“I have fallen in love many a time in the fall of the year. I mean those times when body and soul are revived and, in the keen clear air of autumn after a hot exhausting summer, I feel new strength to see, to ‘know’ clearly, and to love, to look upon my neighbor and to love. Almost to be taken out of myself. I do not mean being in love with a particular person. I mean that quality of in-loveness that may brush like a sweet fragrance, a sound faintly heard, a sense of the beauty of one particular human being, or even one aspect of life. It may be an intuition of immortality, of the glory of God, of his presence in the world. But it is almost impossible to put into words. The point is that it is general rather than particular, though it may come as a reminder, this flash of understanding, of recognition, with the reading of a particular book, or hearing some strain of music.
“It is tied up in some way also with the sense of hope, and an understanding of hope. How can we live without it, as a supernatural virtue, ‘hoping against hope,’ during this dark period of violence and suffering through the world?
“I am bold in trying to express the inexpressible, to write of happiness, even of joy that comes, regardless of age, color, or condition of servitude, to us all. Regardless of failures, regardless even of the sufferings of others. If we did not have this hope, this joy, this love, how could we help others? How could we have the strength to hold on to them, to hold them up when they are drowning in sorrow, suffocating in blackness, almost letting go of life, life which we know with a sure knowledge is precious, which is something to hold to, be grateful for, to reverence.” The Reckless Way of Love, Notes on Following Jesus, by Dorothy Day.
I am in a season of waiting. Midwifery Grad school application out of my hands, last home midwifery birth logged in the national data base, phone off at night. I watch the world around me settle in for the long wait. The rains chase the last leaves down. The fog whispers of mysteries unknown. It is out of my hands.
My hands…these hands which doctor after doctor said would never catch a baby again. I told one specialist that my job is to hold the space, it is the mama’s to receive their babies. They gave me all they knew, these specialists. Words, so many words, statistics, prognosis, bathed in fear. Finally, I knew it was time. Time to settle into the work of healing. Healers are a rare breed. They speak in terms of listening, of knowing, of trusting. These are not the “faith” healers of my childhood, quick to lay on hands, with long and pious prayers. Those asked about private sins, insinuating that rheumatoid in a child must come from something more. They closed their eyes to the sin right in front of them, never daring to look into the eyes of that child, to wonder…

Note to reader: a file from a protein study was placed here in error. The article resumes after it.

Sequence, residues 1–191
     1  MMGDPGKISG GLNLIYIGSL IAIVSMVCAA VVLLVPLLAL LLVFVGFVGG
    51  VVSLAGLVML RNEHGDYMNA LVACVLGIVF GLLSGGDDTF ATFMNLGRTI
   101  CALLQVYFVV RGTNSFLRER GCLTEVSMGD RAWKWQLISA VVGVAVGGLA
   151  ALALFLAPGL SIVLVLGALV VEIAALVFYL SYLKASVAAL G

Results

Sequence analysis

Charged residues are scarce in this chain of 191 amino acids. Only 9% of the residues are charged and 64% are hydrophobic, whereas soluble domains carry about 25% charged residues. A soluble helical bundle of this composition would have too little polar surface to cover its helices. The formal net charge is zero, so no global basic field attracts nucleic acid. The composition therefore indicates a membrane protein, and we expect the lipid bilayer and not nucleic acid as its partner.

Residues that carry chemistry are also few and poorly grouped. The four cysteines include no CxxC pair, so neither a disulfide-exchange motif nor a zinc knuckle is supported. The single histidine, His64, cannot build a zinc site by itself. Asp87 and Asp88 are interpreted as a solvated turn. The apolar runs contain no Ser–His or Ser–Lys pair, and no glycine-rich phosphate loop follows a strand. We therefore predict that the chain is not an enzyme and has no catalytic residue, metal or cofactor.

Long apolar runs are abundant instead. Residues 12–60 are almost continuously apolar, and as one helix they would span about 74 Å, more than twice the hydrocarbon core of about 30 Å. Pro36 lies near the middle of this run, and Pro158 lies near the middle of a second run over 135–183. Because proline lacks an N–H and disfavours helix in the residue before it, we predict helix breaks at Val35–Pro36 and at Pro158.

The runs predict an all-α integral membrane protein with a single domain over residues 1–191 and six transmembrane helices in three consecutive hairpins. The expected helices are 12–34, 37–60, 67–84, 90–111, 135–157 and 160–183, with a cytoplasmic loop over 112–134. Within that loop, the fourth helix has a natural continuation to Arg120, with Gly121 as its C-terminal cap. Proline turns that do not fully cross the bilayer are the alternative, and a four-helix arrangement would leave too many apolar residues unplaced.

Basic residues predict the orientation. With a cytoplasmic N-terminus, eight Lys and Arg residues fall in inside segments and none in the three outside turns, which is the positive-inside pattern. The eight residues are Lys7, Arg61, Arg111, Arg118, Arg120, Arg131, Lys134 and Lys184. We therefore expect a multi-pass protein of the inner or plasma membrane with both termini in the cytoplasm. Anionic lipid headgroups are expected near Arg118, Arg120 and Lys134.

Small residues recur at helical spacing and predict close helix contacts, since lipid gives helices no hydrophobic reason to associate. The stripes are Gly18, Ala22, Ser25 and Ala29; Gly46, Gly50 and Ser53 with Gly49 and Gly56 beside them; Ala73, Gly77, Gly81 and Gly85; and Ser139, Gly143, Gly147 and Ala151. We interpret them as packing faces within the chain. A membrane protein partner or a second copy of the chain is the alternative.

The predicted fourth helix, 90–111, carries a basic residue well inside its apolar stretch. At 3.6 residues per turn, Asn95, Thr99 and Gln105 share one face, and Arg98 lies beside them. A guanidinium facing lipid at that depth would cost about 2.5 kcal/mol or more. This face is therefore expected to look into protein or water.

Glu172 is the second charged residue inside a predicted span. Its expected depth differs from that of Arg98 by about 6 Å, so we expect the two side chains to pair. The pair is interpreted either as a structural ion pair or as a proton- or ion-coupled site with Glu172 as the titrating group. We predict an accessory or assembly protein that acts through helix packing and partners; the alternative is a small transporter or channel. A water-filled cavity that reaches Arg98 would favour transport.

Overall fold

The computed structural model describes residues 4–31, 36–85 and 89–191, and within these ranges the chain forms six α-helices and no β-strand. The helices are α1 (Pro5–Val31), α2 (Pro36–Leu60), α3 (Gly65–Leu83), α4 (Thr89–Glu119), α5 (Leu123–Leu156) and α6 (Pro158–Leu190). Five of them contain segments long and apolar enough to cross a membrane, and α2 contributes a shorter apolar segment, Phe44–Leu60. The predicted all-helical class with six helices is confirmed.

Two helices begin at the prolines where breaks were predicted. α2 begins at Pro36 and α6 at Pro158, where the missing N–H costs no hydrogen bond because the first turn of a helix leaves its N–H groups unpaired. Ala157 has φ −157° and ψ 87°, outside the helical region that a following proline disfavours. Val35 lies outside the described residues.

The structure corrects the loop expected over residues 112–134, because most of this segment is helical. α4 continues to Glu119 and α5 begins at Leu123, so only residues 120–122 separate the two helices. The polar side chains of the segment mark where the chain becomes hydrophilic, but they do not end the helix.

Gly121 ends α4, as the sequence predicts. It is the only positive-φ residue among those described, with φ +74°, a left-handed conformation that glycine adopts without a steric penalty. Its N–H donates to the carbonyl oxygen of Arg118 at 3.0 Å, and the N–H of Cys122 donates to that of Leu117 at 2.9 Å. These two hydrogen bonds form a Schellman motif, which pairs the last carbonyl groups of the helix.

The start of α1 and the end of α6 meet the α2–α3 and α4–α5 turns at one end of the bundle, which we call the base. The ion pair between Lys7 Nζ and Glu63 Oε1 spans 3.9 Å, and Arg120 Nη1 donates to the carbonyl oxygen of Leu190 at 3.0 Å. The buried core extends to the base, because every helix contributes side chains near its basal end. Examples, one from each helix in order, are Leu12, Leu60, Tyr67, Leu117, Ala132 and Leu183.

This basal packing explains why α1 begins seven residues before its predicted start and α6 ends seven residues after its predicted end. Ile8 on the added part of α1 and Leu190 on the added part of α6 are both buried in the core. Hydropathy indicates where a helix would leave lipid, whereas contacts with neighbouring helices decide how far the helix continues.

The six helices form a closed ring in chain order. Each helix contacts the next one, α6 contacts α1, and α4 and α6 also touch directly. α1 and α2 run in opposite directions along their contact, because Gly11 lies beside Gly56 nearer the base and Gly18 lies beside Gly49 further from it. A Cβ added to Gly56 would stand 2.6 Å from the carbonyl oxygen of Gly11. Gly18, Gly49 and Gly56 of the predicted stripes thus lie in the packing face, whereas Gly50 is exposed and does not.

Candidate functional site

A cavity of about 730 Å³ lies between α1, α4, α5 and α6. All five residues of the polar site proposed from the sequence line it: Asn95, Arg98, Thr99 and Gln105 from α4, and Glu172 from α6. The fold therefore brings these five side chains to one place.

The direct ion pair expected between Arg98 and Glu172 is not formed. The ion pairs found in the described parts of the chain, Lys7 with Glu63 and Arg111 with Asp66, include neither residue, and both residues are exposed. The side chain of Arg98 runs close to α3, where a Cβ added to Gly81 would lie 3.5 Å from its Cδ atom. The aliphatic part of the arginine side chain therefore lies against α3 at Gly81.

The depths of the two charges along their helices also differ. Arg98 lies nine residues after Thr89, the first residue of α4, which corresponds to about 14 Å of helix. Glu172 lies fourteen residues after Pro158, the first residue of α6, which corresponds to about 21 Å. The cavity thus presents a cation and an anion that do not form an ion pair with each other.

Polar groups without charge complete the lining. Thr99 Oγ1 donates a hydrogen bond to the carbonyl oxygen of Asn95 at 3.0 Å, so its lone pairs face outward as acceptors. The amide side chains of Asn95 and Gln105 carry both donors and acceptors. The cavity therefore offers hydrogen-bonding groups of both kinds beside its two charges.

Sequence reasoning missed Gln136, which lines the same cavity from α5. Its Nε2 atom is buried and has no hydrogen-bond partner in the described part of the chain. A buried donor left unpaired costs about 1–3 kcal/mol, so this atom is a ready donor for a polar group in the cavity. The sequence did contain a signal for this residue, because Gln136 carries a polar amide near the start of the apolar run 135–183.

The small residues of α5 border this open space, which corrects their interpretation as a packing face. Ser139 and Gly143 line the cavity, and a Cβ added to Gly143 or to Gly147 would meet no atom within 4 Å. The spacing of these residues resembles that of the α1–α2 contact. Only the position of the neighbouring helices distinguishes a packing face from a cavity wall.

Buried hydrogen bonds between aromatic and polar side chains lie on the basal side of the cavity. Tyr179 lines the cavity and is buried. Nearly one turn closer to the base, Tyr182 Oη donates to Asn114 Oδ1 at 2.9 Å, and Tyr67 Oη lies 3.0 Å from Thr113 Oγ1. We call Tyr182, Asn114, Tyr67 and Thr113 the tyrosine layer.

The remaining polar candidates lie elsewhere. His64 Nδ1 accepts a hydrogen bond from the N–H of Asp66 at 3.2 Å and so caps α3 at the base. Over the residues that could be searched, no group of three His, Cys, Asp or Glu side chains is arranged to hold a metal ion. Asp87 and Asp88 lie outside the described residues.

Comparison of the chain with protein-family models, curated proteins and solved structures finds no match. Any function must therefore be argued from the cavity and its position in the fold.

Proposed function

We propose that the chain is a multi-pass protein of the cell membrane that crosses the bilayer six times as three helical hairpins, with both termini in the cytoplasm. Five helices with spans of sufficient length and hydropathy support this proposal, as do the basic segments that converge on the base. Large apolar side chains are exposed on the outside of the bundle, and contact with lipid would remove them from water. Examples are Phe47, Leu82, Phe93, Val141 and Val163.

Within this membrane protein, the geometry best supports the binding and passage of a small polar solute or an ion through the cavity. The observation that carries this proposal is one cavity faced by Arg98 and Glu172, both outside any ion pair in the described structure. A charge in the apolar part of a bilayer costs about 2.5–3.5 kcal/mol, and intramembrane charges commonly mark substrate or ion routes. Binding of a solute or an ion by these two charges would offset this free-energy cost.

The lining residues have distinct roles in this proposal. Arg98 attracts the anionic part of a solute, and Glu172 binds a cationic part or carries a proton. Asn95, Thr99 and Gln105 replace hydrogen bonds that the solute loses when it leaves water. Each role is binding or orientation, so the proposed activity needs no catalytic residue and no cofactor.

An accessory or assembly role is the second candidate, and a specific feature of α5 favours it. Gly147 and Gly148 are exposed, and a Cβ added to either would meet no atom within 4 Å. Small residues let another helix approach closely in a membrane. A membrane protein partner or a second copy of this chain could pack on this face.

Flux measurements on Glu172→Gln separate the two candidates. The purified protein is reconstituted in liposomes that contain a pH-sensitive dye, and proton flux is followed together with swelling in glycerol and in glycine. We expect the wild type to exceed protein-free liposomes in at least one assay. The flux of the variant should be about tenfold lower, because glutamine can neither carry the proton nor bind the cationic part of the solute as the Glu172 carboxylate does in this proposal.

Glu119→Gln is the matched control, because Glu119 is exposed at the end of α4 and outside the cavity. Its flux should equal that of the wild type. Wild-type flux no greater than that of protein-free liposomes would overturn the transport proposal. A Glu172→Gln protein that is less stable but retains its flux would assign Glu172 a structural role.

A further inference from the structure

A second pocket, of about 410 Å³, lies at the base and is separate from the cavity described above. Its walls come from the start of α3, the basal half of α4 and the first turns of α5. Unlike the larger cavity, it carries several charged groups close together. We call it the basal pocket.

And so I sought out healers that listen for the old ways. They place needles and ask for wisdom. They extend their hands, for light and love to flow into tissues that have lost their message center. Three years now, nearly, since that driver ran a stop sign and sent us airborne; since the doctor said, “you will never practice midwifery again…”
Today, I wait again. The application packet out of my hands into liminal space, the space between. We are here in the old forest, and my senses awaken to memories, those of a child whose nights were full of terror, in the pacific northwest. The ancient trees hold their knowing, just as they did so many years ago.
There are others who wait tonight, in makeshift tents of plastic tarps. Their journey full of trauma, both in the leaving and the coming, and the in between. No country willing to receive them. Even a caravan could not magnify their voices enough to stir compassion. It is out of their hands.
Advent is a season of waiting. It is a season thick with silence. Four hundred years of it, broken only by one voice to one woman. And now she is waiting, enlarged by the secret. Eyes look, voices whisper, judgments pass from ear to ear. Even the government seems to be against her. Who wants to join a caravan on a long road, full of dust and bandits? Especially when a baby is coming.
A baby is coming.
And in the middle of that dark night, hope stirred.
Perhaps it still stirs, even today.